[how to Change Things When Change Is Hard]

Audiobook CD - 2010 | Library ed.
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Random House, Inc.
Why is it so hard to make lasting changes in our companies, in our communities, and in our own lives?

The primary obstacle is a conflict that’s built into our brains, say Chip and Dan Heath, authors of the critically acclaimed bestseller Made to Stick. Psychologists have discovered that our minds are ruled by two different systems—the rational mind and the emotional mind—that compete for control. The rational mind wants a great beach body; the emotional mind wants that Oreo cookie. The rational mind wants to change something at work; the emotional mind loves the comfort of the existing routine. This tension can doom a change effort—but if it is overcome, change can come quickly.

In Switch, the Heaths show how everyday people—employees and managers, parents and nurses—have united both minds and, as a result, achieved dramatic results:

? The lowly medical interns who managed to defeat an entrenched, decades-old medical practice that was endangering patients.

? The home-organizing guru who developed a simple technique for overcoming the dread of housekeeping.

? The manager who transformed a lackadaisical customer-support team into service zealots by removing a standard tool of customer service

In a compelling, story-driven narrative, the Heaths bring together decades of counterintuitive research in psychology, sociology, and other fields to shed new light on how we can effect transformative change. Switch shows that successful changes follow a pattern, a pattern you can use to make the changes that matter to you, whether your interest is in changing the world or changing your waistline.

From the Hardcover edition.

Publisher: Westminster, Md. : Books on Tape, p2010.
Edition: Library ed.
ISBN: 9780307704863
Characteristics: 6 sound discs (ca. 77 min. each) : digital ; 4 3/4 in.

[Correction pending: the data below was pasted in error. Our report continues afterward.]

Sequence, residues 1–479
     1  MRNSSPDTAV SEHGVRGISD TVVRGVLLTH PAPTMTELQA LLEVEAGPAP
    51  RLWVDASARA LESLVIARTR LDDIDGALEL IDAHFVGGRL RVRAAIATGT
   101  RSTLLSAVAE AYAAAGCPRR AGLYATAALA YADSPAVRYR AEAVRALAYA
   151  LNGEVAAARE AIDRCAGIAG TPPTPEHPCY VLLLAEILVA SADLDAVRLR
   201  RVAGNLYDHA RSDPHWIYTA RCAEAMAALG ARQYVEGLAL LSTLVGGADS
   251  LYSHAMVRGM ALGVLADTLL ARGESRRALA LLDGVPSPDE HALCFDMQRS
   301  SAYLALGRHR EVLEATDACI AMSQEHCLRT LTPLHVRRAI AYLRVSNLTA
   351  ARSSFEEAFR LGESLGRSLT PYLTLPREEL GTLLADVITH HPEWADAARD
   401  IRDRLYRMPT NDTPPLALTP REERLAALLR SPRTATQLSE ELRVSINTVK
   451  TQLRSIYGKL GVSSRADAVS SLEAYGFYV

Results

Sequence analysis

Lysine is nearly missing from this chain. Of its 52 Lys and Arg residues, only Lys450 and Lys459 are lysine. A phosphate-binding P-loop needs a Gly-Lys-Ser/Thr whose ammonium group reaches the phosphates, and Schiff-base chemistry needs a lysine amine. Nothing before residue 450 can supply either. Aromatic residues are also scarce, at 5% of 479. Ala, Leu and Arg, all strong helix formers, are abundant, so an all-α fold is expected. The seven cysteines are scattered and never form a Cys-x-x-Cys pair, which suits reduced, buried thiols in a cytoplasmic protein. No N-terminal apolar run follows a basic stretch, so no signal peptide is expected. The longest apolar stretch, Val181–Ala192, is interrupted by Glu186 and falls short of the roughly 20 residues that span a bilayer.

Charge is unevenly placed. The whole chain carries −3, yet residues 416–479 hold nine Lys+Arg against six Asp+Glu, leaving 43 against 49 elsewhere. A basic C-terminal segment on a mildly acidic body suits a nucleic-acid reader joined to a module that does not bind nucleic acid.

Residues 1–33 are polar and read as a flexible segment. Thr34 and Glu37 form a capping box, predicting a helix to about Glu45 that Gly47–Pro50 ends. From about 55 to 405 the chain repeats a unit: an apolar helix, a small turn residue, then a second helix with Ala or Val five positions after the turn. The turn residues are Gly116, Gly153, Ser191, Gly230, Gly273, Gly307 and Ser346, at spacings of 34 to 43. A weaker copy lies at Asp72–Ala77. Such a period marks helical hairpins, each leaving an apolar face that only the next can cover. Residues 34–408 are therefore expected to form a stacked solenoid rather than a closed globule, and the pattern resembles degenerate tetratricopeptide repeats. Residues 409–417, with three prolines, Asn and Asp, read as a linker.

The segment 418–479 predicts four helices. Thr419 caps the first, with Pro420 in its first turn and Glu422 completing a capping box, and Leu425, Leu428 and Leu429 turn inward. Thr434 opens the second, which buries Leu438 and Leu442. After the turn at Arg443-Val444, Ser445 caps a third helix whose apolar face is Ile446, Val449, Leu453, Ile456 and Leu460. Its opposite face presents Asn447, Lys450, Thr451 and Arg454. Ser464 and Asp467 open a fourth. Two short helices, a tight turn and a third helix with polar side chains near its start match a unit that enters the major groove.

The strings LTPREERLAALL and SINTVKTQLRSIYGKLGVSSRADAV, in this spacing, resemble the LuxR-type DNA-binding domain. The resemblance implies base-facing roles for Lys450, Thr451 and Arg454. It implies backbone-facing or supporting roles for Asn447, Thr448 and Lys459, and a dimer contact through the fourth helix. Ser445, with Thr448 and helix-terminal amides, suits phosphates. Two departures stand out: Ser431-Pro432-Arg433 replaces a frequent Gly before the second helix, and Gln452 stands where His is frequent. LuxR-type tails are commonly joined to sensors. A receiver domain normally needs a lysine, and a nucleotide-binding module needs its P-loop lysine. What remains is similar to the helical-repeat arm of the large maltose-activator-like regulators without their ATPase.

Additional Contributors: Heath, Dan 1973-
Kahlenberg, Charles


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Nov 29, 2019

This audiobook is worth listening to for the sonorous, calming, somewhat ironic voice of its reader Charles Kahlenber, and I very much look forward to listening to more books read by him. The content itself is also interesting. As others have described it uses the idea of the Rider, Elephant, and Path to explore the separate and interrelated aspects that go into bringing about personal and organizational changes. Terms that stood out for me were: noticing the Bright Spots, Action Triggers that can help spur habit changes, and Fundamental Attribution Error by which one mistakenly assumes failures are personal instead of environmental. The authors present interesting examples and case studies without taking themselves too seriously. Good food for thought.

Jun 11, 2014

I. Direct the Rider:
- Find the bright spots
- Script the critical moves
- Point to the destination

II. Motivate the Elephant:
- Find the feeling
- Shrink the Change
- Grow your people

III. Shape the Path:
- Tweak the environment
- Build habits
- Rally the herd

JCLChrisK Jun 07, 2014

I find the human creature a fascinating one to study, and when I take a break from children's and teen books I often seem to be drawn to titles reporting some of the latest research on human natures at the intersection of psychology, sociology, biology, and the like. Each time, I feel I glean (at least) a little more insight into myself and those around me. Yet, generally those books have the primary purpose of reporting results and discoveries, then have room for only a cursory consideration of what to do with that knowledge; I sometimes find myself in the same spot, delighted by the new things I know, yet wondering how to go about applying those things to my life.

This is the second book I've read by the Heath brothers--the other being their more recent title Decisive --and it seems to me that's where they come in. They study the research in a given area, then excellently boil it down to a core essence that can be easily communicated, digested, and used. Instead of spending their time explaining the research, they show how it can be (has been) applied in situation after situation. These examples serve the purpose of explaining the research in real world contexts, but, more importantly, they teach readers how they can make use of the information for themselves. It's not abstract knowledge, but applied. While they risk being over simplistic with their approach for some situations, I expect I'll find their framework highly helpful in the future whether I want to consider changes in my personal life, work life, or other.

Jan 09, 2012

This is a great book on making changes in your life. There is no focus on the psychological aspect of things as the book puts it are "true but usless". The book discusses how to change yourself, how to assist and help others to change and even how to get people to change even when they really have no desire for change. The website offers a good PDF summary as well as a few podcasts (you must sign up to download them though). I am looking forward to implementing the ideas to make changes in my life more successful.


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